This Week's Inflation Report Could Change Everything For Gold

by: Tim Iacono


Trouble in Ukraine and a weaker dollar could support higher gold prices over the short term.

Investment banks are bearish, but others are bullish as tests of important technical levels lie ahead.

If last week's surge in wholesale prices carries over to consumer prices this week, the outlook for precious metals could change dramatically.

Renewed tensions in Ukraine, a weaker U.S. dollar, and a faltering domestic stock market combined to support precious metals prices last week as most risk assets declined. Dollar weakness appears to be the biggest short-term driver for gold while steady demand in China and India continues to be one of the most important long-term factors and recent news from Asia has been encouraging during what is a seasonally weak time of the year.

While some gold market analysts are again bullish after recent gains, big investment banks are still mostly bearish, while U.S. investors remain largely uninterested in precious metals, neither buying nor selling. That could soon change, however, as surging U.S. import/export and wholesale prices have suddenly rekindled inflation concerns with more data available this week when the Labor Department releases the March consumer price index.

For the week, the gold price rose 1.2 percent, from $1,302.30 an ounce to $1,318.40, and silver rose a penny, from $19.95 an ounce to $19.96. The gold price is now up 9.4 percent for the year, some 31 percent below its record high of over $1,920 an ounce in late 2011, and silver is 2.7 percent higher so far in 2014, still 60 percent below its all-time high near $50 an ounce three years ago.

The technical picture for precious metals has seen a major improvement in recent weeks but, according to this Bloomberg report, big investment banks such as Goldman Sachs and Morgan Stanley remain very bearish. Better looking charts were a key reason why respondents to Kitco's weekly gold survey were surprisingly positive with nearly two-thirds of those surveyed seeing higher prices in the week ahead as shown below.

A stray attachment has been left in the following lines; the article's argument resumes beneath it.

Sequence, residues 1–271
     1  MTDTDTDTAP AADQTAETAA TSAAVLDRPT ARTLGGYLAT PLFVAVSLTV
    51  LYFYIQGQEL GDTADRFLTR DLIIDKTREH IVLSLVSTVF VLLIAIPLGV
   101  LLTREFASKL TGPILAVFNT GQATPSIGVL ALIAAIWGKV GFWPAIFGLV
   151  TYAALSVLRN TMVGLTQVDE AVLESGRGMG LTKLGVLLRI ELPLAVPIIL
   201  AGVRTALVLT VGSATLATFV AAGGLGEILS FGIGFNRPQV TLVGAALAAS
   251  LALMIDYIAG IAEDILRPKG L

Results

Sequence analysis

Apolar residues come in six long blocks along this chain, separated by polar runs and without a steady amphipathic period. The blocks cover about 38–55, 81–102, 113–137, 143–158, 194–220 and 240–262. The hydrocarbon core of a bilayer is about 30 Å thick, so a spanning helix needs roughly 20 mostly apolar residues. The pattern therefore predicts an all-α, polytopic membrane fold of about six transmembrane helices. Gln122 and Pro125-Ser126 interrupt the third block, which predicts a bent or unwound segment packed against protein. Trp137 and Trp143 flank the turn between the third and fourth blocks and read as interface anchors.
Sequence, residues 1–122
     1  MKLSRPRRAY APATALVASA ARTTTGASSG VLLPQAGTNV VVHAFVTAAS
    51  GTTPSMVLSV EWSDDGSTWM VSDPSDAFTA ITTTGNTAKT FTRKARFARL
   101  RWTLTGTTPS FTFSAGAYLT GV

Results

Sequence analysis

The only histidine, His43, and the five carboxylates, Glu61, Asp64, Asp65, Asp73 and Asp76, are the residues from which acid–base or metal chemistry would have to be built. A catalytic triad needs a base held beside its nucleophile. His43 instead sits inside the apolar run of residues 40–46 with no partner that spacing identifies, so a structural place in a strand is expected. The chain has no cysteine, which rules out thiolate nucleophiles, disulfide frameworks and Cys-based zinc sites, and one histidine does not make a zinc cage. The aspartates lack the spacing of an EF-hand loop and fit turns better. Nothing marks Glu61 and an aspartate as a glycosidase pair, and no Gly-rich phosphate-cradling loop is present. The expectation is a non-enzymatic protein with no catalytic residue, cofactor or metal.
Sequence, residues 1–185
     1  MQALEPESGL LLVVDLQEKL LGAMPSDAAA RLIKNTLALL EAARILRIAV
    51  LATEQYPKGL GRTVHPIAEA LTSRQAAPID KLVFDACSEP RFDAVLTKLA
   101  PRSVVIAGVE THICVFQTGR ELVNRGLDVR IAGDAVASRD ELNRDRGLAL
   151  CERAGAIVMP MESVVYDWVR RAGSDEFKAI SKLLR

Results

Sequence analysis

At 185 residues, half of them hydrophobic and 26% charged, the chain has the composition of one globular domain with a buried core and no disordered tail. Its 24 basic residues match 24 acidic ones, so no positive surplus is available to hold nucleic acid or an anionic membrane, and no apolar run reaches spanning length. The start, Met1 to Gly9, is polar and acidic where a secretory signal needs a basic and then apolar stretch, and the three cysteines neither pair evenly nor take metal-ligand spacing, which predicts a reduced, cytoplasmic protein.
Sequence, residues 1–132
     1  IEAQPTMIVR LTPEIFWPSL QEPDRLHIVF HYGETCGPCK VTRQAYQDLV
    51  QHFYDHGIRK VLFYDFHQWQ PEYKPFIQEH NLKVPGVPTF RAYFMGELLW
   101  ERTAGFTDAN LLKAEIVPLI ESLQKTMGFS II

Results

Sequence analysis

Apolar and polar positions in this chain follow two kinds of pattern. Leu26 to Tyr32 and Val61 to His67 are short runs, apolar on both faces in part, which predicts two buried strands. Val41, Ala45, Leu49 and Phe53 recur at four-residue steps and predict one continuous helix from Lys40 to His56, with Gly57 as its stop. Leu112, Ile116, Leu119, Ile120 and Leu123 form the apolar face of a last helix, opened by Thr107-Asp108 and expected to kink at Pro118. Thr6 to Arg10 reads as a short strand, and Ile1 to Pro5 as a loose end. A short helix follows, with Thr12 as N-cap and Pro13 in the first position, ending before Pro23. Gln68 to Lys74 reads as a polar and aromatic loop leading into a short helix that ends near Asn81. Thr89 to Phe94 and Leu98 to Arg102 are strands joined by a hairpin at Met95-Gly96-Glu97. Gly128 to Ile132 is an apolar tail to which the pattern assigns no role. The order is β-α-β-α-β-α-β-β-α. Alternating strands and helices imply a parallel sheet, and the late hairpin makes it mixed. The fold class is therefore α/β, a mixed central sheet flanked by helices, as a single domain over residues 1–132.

To be sure, the failure to convincingly break through key resistance levels at $1,320 an ounce for gold and $20 an ounce for silver is cause for concern, but a number of factors are working in favor of higher metals prices over the short term, all of which seem likely to continue.

Geopolitics in Eastern Europe was a key factor behind rising metal prices early last week as government buildings in several cities in Eastern Ukraine were occupied by protestors who seek to follow the path of Crimea in conducting a secession referendum.

Some had believed that the trouble in Ukraine was all but over, however, with Russian President Vladimir Putin threatening energy supplies and ongoing unrest in the part of Ukraine that borders Russia, this could drive demand for safe haven assets for some time to come.

The weakening dollar has been another important factor for commodity markets in general and precious metals in particular. On Thursday, the U.S. Dollar Index dipped to its lowest level in three weeks at 79.4 and, now, a fresh six-month low is not far off.

More importantly, multi-year lows for the trade-weighted dollar loom at below 79.0 for this index and this would be very bullish for the overall natural resource sector due to the strong inverse correlation between the dollar and hard assets.

Unimpressive economic data in the U.S. and talk by central bankers around the world have combined to drive the dollar lower in recent weeks and that trend seems unlikely to reverse course in the period ahead. The March labor report released ten days ago was widely seen as disappointing since analysts were expecting a much bigger spring bounce after a severe winter and the Federal Reserve was surprisingly dovish in last week's release of the minutes from their March 18-19 policy committee meeting. Meanwhile, there were signs that the European Central Bank may not opt for more stimulus as previously believed and the Bank of Japan was similarly reluctant to take additional measures to spur their economy.